In April of this year, PACE became involved in discussions over Oklahoma’s support of the wind industry. Faced with a large budget deficit, lawmakers in that state were considering eliminating state support for the commercial wind industry, which ranks fourth nationally in terms of production. Oklahoma today gets about a sixth of its electricity generation from wind power.

While we don’t support the idea of energy subsidies in general, Oklahoma presents a special case. We wrote in April that the wind industry in Oklahoma reflects our philosophy of building energy resources where they work the best. In addition, the

Nov
03
2016

PACE Helps Urge Administration to Preserve Energy Leasing Programs

In a letter sent today to President Obama and Interior Secretary Sally Jewell, more than a hundred organizations, including PACE, asked the administration to preserve its proposed 2017-2022 offshore oil and natural gas lease sales for the Gulf of Mexico and Alaska’s Beaufort and Chukchi Seas and Cook Inlet without any additional removals. The letter also asked the president not to take any executive actions that would remove these or any other areas from consideration under future offshore leasing programs. The Consumer Energy Alliance, the National Association of Manufacturers, and the U.S. Chamber of Commerce led the effort.

Read

Oct
31
2016

AMEA Solar Project Largest in Alabama Capital

This past week, officials at the Alabama Municipal Electric Authority unveiled a significant investment in the future of solar power in central Alabama. The project, which consists of 160 solar panels on the east side of Montgomery, Alabama, is a chance to better understand the future production capability and mechanics of solar power in the region. The development was covered in the October 27th edition of the Montgomery Advertiser.

At a cost of $150,000, the solar project becomes the largest solar array in Alabama’s capital city. For now, the solar energy harvested from the panels will help power AMEA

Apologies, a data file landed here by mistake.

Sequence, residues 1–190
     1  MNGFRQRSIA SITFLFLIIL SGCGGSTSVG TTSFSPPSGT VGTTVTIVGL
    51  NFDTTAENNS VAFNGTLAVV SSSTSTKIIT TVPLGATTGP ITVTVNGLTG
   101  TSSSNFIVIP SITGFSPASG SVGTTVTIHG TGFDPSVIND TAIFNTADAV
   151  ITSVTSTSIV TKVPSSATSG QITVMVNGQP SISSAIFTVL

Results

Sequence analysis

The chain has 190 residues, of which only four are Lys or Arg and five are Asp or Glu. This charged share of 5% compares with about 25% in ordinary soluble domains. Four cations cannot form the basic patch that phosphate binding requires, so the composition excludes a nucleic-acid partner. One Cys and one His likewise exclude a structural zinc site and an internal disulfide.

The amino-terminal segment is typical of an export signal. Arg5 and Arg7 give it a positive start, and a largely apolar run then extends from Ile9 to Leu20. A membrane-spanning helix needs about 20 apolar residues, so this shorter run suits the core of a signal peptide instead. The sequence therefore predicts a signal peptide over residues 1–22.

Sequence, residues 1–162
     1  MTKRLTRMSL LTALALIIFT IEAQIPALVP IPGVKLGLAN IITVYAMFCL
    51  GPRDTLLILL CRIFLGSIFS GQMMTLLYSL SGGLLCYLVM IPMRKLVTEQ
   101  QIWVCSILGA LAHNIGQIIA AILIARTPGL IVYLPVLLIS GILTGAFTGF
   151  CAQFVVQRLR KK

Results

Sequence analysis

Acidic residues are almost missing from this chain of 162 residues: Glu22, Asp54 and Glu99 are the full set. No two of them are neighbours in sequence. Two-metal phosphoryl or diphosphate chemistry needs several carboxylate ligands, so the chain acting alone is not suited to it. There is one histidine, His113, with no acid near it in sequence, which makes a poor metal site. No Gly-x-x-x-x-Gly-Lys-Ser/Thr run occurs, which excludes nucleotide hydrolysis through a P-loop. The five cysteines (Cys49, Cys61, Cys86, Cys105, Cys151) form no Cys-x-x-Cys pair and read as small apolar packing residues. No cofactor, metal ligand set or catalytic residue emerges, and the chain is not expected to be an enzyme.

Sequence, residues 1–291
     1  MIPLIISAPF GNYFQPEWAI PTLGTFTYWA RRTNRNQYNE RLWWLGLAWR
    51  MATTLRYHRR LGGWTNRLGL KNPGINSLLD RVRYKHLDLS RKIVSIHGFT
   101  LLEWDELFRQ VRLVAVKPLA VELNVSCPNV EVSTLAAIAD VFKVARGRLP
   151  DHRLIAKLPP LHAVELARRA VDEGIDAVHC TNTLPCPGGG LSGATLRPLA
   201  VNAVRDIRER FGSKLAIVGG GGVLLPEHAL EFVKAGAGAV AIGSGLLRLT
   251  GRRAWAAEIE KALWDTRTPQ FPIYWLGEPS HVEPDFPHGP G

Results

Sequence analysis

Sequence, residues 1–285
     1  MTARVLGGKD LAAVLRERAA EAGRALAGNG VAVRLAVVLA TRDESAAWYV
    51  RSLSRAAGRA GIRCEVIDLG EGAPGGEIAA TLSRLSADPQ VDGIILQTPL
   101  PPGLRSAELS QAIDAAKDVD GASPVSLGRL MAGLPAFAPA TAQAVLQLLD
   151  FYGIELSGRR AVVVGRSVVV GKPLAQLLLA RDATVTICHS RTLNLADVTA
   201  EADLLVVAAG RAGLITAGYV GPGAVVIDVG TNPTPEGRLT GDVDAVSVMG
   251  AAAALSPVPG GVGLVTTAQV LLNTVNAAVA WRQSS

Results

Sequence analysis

Oct
26
2016

A Step Forward for Nuclear, a Win for Customers

The growth of carbon-free nuclear energy is quickly becoming a reality in Tennessee and Georgia. Just last week month, a new nuclear unit came online on the TVA system, while Georgia Power announced an agreement on construction costs for new nuclear units at Plant Vogtle, an agreement that reduces customer rates during the next four years.

On October 19th, TVA announced that Unit 2 of its Watts Bar nuclear operating station had completed a series of extensive tests and had been reliably operating at full power for more than three weeks. This welcome news means that the first new

Oct
19
2016

PACE Connects Water and Energy at Conferences

When it comes to electricity generation, water use has taken on increasing importance in recent years. Policy makers are beginning to pay greater attention to the connection between water use and the power sector. PACE has followed this issue closely and has spoken regularly to stakeholders on the topic.

On Tuesday, PACE Executive Director Lance Brown presented to the 50th Annual Meeting of the Tennessee River Valley Association. Held in Nashville, the conference brings together stakeholders along the Tennessee River. The group’s executive director, Cline Jones, currently serves as the Chairman of the PACE Board of Directors, underscoring the